This is another one of those "it depends" answers, and I totally understand where you're at with this. I'm also casually in the market for a few dozen of latest-generation LED Pars and it really comes down to what you want out of the lights and what you want to pay. Quantity versus quality! Also, I'm an LD and would definitely not balk at using SlimPars so long as they're used within their given scope of application. They're very hard to beat for the price.So as far as the colors go (Hex versus Quad), you can't deny that the more discrete colors you have, the more mixing options you get. As you point out though - are they the right discrete colors? The UV is really a wildcard. Very neat if your designs call for some more exotic colors but generally a waste if you're just going to mix soft facial light. Now here's where it gets interesting, and this is what I believe your question is getting at... Is it worth getting the SlimPar Pro Hex and having 6 in 1 LEDs, or instead getting RGBW or RGBA fixtures that have a lot more horsepower - something such as the Chauvet Colorado Solo or Elation Fuze Series. That's a tougher question, and one that I still need to answer for my own investment. You can't beat the price for the SlimPars, but at the same time if you don't need the precise color mixing, consistency, and beam control of an ETC Source 4 LED than you'd be paying good money for things you won't use. It's really a balance! I'm hoping to visit the Elation and Chauvet showrooms in the next few months to see side by side a Hex LED Par compared to a higher output COB Par. I get what TJ is saying too about always being able to go "another slight step up". At the same time, if all you're going to do is blast primary colors on a wall while a cover band is struggling to get through a song, you'd be wasting money to get something beyond a basic reliable fixture. Water resistance is another interesting point to consider. I'm on the fence with this too. Technically for outdoor use they should be IP65, but the question comes up as to how necessary that is. For permanent unattended installation - mandatory. However, per this article, apparently these lights are good enough to be used outdoors for American Ninja Warrior. I don't believe any fixtures on that inventory list are IP65. So...I guess it depends on how much you're willing to gamble! Good luck!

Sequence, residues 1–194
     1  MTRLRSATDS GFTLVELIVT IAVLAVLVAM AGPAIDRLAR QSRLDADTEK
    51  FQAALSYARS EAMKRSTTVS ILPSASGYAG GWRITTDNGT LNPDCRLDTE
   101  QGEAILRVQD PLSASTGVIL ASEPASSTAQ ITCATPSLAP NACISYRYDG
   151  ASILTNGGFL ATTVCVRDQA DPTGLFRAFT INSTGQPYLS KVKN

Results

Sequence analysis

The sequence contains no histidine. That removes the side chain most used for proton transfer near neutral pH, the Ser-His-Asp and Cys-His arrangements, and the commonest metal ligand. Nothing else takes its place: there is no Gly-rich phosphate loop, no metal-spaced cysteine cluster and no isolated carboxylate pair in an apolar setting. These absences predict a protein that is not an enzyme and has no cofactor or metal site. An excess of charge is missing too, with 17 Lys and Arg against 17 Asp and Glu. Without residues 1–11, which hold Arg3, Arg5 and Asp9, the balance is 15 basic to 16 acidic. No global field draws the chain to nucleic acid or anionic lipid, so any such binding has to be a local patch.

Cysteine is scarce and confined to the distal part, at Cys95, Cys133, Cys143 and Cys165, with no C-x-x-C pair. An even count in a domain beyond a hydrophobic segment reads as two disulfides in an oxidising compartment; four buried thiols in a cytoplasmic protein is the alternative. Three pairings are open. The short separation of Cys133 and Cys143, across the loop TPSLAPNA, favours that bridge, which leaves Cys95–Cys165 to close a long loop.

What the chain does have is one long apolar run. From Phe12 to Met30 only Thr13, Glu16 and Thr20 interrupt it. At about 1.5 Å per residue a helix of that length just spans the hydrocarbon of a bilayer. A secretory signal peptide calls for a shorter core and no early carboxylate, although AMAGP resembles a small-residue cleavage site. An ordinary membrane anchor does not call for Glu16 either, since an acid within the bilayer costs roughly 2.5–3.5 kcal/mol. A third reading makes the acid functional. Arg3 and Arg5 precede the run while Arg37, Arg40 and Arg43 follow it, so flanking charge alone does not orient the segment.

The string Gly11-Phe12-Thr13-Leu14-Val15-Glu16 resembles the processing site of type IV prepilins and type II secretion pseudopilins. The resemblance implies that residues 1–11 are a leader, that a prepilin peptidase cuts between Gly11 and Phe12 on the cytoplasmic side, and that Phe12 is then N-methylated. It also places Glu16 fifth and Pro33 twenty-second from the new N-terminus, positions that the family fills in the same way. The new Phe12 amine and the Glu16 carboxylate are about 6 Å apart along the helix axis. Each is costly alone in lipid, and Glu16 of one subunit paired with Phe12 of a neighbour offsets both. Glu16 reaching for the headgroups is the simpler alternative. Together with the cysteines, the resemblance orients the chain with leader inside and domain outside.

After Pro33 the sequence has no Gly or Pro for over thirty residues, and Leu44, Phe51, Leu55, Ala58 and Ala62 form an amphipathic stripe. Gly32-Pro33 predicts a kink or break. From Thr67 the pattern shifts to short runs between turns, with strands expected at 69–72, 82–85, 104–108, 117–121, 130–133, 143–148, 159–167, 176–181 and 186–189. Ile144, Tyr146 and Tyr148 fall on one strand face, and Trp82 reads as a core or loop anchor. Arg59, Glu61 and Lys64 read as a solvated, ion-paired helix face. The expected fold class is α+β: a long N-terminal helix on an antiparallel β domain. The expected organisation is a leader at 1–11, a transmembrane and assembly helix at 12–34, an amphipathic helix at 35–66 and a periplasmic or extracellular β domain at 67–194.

Jeff you really hit the nail on the head with this post. Literally everything that you're saying has been a thought in my mind. I've got access to a demo of most of the Chauvet lights so I'll be going next week to check some of those out. I'm hoping that it's a no brainer after switching them on. Since my original post I've heard that the UV section isn't really worth it's weight in the SPP H. When trying to blend the UV with other colors the rest of the colors are over powering. Which reduces the overall output even more than the SPP Q to gain that larger color palette. It's making the quad look much better, but everything could change once I see those lights in person.
This has been a good thread for me. I've been searching for a low cost (150ish) light, for speaker mounting as a front wash. I want about a 30 deg beam angle, and it must have amber. I like the look of the COB's, but the ones with amber are expensive.After looking at all of these lights I stumbled across the ADJ Hex 5. A 30 deg beam, with RBGAWU, for $135 (B stock). Probably not the brightest in this style, but I don't need it to be.